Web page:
1776 Mansfield Road
City Directories and History: Mansfield Plantation was for many years a rice-producing plantation and the plantation itself remains virtually intact. The plantation house, avenue of oaks, and outbuildings together reflect the rice culture. Mansfield can be traced to ca. 1732 when John Green received a royal grant for 500 acres along the Black River. In 1756, Susannah Man purchased the property, thus the name. The house is a single storied, clapboard structure with a medium gable roof, situated on a low brick foundation. The front entrance features two three-paneled doors with sidelights and an elliptical fanlight. Around ca. 1850 the structure was enlarged with symmetrical wings, with further additions occurring in the 1930s.
Situated near the house are a former school building and kitchen, which features an exterior double stairway. During the 1930s both structures were brick veneered and remodeled into guest houses. At this same time, a third guest house was built. A rice winnowing house, a threshing mill, six slave cabins, the slave chapel and laundry house remain. The threshing mill was used as late as 1943 and its machinery remains intact. The winnowing house is the only known surviving example of its type in Georgetown County. Listed in the National Register December 6, 1977.
MANSFIELD’s SLAVE ROW:
Mansfield Plantation, located in Georgetown County, was for many years a riceproducing plantation and today remains virtually intact. The plantation house, avenue of oaks, and outbuildings together reflect the rice culture—a vital part of the history of South Carolina. Mansfield can be traced to ca. 1732 when John Green received a royal grant for 500 acres along the Black River. In 1754, James Coachman of Georgetown purchased the property from Green’s estate. Two years later, in 1756, Susannah Man purchased the property from Coachman. Although most of the later Georgetown County records were destroyed in 1865, extensive research on the plantation by a Man descendant (using family papers and other sources) traces the Man family ownership of the plantation until 1912 when it was sold to Charles W. Tuttle of New York. It was from the Man family that the name Mansfield was derived. [Courtesy of the SC Dept. of Archives and History]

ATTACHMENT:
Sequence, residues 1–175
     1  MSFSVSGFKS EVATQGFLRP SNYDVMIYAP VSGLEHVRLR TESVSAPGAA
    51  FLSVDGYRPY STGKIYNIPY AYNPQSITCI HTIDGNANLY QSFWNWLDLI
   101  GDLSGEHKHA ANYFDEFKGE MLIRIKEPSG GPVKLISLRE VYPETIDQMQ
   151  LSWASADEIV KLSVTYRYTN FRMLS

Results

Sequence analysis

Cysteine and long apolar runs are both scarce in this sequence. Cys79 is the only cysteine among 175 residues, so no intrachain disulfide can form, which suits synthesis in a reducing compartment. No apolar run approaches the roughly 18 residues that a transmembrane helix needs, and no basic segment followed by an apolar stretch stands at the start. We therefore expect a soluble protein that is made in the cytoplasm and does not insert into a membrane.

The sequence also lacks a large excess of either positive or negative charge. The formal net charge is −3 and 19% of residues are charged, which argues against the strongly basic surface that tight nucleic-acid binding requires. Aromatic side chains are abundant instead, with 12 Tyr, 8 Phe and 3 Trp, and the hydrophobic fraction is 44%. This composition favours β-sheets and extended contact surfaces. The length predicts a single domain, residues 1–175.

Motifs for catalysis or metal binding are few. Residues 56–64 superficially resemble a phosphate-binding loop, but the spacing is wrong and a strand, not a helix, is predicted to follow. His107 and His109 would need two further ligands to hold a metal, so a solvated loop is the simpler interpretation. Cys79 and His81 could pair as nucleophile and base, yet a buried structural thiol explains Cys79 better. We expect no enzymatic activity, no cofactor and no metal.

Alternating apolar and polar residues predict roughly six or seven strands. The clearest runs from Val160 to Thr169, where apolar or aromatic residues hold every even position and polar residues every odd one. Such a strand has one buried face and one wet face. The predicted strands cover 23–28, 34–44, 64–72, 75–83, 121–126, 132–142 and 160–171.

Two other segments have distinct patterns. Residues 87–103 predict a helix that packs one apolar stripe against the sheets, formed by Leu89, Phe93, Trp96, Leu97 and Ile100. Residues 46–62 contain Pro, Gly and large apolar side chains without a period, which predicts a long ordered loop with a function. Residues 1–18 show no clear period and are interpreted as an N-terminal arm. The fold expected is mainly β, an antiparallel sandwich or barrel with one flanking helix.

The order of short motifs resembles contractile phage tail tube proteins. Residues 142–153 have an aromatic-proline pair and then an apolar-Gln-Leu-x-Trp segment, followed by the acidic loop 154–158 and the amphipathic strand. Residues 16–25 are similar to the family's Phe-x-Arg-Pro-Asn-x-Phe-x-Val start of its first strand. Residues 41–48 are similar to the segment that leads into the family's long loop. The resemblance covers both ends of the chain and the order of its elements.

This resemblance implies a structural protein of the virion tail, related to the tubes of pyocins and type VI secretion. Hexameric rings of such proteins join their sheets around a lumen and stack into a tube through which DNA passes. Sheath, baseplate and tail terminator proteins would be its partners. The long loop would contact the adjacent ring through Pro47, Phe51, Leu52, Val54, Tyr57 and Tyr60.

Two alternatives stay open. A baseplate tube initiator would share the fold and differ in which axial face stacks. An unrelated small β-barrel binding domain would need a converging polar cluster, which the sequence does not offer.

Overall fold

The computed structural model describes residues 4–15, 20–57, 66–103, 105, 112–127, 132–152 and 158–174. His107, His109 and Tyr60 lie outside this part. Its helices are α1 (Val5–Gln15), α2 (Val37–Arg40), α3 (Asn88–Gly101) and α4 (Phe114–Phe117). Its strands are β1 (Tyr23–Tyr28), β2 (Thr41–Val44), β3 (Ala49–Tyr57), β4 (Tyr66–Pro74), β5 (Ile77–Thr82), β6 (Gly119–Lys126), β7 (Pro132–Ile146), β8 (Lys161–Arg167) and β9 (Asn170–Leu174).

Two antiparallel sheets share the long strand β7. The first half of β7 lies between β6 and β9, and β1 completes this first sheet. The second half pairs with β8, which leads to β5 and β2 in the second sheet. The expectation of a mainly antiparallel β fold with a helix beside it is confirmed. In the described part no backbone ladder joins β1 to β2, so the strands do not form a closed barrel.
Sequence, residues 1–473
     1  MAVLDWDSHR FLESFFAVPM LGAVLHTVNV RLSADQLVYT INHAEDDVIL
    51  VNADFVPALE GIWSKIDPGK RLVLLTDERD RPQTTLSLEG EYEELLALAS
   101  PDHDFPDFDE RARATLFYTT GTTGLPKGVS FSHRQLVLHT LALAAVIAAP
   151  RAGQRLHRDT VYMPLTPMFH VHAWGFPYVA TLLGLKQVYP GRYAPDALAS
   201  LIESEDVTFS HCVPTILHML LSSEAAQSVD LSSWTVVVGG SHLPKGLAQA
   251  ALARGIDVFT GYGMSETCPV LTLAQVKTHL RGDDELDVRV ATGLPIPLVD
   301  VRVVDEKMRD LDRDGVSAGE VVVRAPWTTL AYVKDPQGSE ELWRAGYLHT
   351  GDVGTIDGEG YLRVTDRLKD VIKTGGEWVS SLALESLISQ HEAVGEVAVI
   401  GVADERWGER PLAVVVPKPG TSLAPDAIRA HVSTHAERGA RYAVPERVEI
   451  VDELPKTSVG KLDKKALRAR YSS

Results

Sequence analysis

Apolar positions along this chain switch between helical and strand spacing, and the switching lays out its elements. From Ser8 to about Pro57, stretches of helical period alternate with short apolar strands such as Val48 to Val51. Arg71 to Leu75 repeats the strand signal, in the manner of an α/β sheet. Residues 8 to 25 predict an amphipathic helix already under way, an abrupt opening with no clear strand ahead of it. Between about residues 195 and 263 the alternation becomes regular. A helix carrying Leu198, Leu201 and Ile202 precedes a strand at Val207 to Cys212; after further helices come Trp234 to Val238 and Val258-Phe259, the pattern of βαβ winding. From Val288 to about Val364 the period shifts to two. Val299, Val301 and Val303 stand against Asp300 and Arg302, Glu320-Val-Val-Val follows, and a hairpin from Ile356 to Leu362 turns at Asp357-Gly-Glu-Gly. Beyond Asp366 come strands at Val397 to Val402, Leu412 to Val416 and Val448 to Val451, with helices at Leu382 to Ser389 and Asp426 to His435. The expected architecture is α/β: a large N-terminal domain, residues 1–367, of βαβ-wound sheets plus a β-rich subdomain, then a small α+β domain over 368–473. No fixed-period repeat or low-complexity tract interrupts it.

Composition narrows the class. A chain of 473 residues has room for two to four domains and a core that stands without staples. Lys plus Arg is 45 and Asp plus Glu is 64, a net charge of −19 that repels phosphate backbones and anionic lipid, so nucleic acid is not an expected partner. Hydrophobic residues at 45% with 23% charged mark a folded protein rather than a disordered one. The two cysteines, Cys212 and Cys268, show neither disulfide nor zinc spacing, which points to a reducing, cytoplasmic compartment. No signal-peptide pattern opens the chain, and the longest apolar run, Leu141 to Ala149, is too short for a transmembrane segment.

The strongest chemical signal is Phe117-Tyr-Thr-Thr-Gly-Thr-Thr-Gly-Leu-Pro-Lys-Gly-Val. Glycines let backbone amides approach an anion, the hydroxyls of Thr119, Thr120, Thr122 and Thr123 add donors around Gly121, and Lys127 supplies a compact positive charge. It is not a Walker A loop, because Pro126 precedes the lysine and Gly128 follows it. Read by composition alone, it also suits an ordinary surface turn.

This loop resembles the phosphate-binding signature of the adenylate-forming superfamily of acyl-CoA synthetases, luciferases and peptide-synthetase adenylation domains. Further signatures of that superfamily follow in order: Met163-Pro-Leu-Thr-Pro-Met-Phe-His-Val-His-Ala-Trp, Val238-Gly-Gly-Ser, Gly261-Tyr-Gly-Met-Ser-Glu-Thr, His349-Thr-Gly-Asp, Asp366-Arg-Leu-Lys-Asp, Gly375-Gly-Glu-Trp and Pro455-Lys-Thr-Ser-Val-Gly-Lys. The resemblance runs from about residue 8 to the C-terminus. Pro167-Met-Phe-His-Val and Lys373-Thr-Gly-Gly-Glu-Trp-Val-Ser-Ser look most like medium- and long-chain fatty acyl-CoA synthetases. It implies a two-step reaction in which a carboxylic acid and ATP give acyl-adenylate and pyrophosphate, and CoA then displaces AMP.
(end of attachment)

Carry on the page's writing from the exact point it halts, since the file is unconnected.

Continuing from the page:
Also see the Mary Man home in Georgetown, S.C., who lived here at Mansfield Plantation as a child.
“Parker, Dr. Francis Simons of “Mansfield” plantation and Charleston. Born Dec. 16, 1814 (S.C.); married Dec 15, 1835, Mary Taylor Lance (Mar. 22, 1818-Sept. 1885); died Sept. 12,
1867. Education: College of Charleston, A.B., 1833; S.C. Medical College, M.D., 1838. Church: Episcopalian (Vestryman, Prince George, Winyah). Public Service: Delegate to Secession Convention, 1860. Slaves: 220 (Prince George, Winyah, Parish, Georgetown District).”
The Last Foray, C. Gaston Davidson, SC Press – 1971
“Mansfield is named for an early owner, Mrs. John Man, a widow, who purchased it in 1754. The plantation was handed down through the family until 1912 when it finally was sold into other hands. Mrs. Robert L. Montgomery of Philadelphia is the present owner.”
Information from: Names in South Carolina by C.H. Neuffer, Published by the S.C. Dept. of English, USC
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